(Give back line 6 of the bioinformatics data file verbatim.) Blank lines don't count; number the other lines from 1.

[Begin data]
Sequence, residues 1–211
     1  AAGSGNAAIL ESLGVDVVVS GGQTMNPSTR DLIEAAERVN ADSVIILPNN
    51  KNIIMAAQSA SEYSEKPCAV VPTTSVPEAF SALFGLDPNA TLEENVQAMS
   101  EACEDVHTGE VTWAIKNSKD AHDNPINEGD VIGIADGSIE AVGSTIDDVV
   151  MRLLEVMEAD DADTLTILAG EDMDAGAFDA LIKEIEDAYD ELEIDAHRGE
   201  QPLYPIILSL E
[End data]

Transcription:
   201  QPLYPIILSL E